The international festival calendar features some wonderful sponsored events, be it the Jaipur Litfest in January, the World Music Festival in February or the Naval Philharmonic in March. All 18 state museums are in the process of being restored with the Jawahar Kala Kendra being upgraded to a Contemporary Arts Centre under the stewardship of artists Bharti Kher and Pooja Sood.
Under the ‘Art in Public Spaces’ brainchild of the Chief Minister, nine railway stations will be painted by local artisans. “Sawai Madhopur with its tiger motifs is nearly complete. Both artisans and villagers are involved in the project. I believe the station is spotless,” says Singh. Hoardings in Jaipur now boast Jogi and Bhil art while auto-rickshaws are painted by tribal and folk artists. Lambah is particularly excited about a step-well that excavations for the Jaipur Metro has revealed. “We found photos from the 1850s showing a beautiful kund and we excavated this 150-year-old structure at the badichaupal (roundabout) complete with carved marble gaumukhs. We are putting them back in the Metro after restoration, so the station will lead to the step well. It will be unique.”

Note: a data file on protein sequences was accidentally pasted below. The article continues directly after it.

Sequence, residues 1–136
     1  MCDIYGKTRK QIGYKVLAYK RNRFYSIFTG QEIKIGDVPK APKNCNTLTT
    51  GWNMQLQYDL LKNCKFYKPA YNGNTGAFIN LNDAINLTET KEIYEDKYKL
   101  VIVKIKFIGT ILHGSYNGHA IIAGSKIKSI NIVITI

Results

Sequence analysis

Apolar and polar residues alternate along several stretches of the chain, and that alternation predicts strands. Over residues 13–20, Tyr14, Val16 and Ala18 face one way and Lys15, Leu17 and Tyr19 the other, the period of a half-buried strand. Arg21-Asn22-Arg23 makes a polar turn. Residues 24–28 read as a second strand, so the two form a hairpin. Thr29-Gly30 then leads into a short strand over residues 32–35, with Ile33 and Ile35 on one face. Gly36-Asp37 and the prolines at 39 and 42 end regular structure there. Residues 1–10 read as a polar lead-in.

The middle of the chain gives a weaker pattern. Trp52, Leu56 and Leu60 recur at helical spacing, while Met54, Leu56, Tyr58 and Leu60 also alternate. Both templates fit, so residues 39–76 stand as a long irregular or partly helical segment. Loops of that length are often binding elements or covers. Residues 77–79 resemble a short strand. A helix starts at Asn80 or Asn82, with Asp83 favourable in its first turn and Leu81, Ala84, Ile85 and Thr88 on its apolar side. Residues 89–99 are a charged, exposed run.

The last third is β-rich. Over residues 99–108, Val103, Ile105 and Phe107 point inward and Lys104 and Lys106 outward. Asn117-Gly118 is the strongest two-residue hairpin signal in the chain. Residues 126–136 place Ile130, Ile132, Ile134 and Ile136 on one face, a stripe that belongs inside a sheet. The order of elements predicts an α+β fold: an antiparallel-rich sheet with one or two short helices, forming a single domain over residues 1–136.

Like the rest of the team, Lambah and Singh are all praise for Raje’s dynamism, commitment and understanding of architectural design; and most of all, for her plan to ensure the sustainability of the initiatives. But beyond the excitement of restoration and events, Raje’s efforts and others like them are a good way to generate national pride at a time of increasing disenchantment with our professional and physical environments. It’s time to learn from our neighbours: this year Condé Nast revealed that Bangkok is the world’s second most visited city for its fabulous palace complex, temples, museums, crafts, food and logistics.
Pride in one’s country needs to find expression beyond the cricket field and Republic Day parade. It should be on display at the heart of its capital.